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Wielding the subtle weapons of a fungus

This press release is also available in German.

It doesn't look appetizing: when Ustilago maydis attacks a maize plant, its cobs bear hideous tumours rather than crunchy niblets. So far, no effective means of combating the maize smut pathogen has been found. However, an international team has now made significant progress in the search for a solution. Led by researchers from the Max Planck Institute for Terrestrial Microbiology in Marburg, the scientists have analysed the U. maydis genome. Among the 7,000 genes of the fungus, they have found some with which the fungus lives at the expense of its host plant - without killing it. These genes probably also help the fungus to circumvent the plants defences. Researchers are now hoping to apply these findings to other fungi, which like Ustilago maydis depend on living plants (Nature, November 2, 2006).

It doesn't look appetizing: when Ustilago maydis attacks a maize plant, its cobs bear hideous tumours rather than crunchy niblets. So far, no effective means of combating the maize smut pathogen has been found. However, an international team has now made significant progress in the search for a solution. Led by researchers from the Max Planck Institute for Terrestrial Microbiology in Marburg, the scientists have analysed the U. maydis genome. Among the 7,000 genes of the fungus, they have found some with which the fungus lives at the expense of its host plant - without killing it. These genes probably also help the fungus to circumvent the plant's defences. Researchers are now hoping to apply these findings to other fungi, which like Ustilago maydis depend on living plants (Nature, November 2, 2006).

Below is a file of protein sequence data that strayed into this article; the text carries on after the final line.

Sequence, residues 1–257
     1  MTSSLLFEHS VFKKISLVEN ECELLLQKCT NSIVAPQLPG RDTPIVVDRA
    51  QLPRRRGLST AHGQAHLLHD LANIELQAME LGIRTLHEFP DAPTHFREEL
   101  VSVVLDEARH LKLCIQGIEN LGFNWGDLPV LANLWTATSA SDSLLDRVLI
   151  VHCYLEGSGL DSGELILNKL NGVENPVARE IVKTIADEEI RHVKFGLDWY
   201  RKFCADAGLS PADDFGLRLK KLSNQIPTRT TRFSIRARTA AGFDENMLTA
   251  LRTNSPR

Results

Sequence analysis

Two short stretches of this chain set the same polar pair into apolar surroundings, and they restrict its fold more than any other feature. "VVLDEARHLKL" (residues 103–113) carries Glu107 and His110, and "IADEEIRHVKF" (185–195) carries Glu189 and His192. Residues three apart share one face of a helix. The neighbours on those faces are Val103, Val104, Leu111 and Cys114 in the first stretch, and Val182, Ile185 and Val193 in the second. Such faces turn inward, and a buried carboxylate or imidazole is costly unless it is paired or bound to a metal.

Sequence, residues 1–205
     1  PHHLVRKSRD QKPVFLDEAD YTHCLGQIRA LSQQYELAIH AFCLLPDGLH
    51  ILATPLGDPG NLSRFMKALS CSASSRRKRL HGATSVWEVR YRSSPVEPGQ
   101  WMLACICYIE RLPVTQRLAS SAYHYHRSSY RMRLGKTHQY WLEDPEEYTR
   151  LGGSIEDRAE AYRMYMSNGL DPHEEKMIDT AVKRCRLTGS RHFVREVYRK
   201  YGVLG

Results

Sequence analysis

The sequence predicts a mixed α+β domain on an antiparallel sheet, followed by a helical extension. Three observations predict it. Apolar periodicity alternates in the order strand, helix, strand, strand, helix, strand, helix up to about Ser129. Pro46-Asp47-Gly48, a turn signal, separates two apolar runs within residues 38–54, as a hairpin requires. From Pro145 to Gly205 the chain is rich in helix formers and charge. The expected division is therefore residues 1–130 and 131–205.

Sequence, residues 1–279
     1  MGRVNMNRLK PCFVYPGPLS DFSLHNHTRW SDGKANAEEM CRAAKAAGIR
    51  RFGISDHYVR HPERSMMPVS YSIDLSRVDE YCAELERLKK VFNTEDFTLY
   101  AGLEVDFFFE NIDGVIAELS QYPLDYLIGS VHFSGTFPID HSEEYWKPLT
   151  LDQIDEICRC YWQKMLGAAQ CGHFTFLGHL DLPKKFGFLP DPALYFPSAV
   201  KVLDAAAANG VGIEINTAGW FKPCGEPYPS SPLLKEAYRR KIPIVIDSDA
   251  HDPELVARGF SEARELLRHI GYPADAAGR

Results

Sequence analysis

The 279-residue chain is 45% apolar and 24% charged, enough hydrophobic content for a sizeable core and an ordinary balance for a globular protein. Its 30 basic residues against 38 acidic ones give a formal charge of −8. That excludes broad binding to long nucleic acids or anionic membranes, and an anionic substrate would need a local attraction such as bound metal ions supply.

In Mexico the galls of Ustilago maydis are considered to be a delicacy. To farmers in most other countries however, the tumours that develop on the maize cob are regarded as a nuisance. The fungus is certainly no
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Contact: Prof. Dr. Jrg Kmper
kaemper@mpi-marburg.mpg.de
49-642-117-8630
Max-Planck-Gesellschaft
14-Nov-2006


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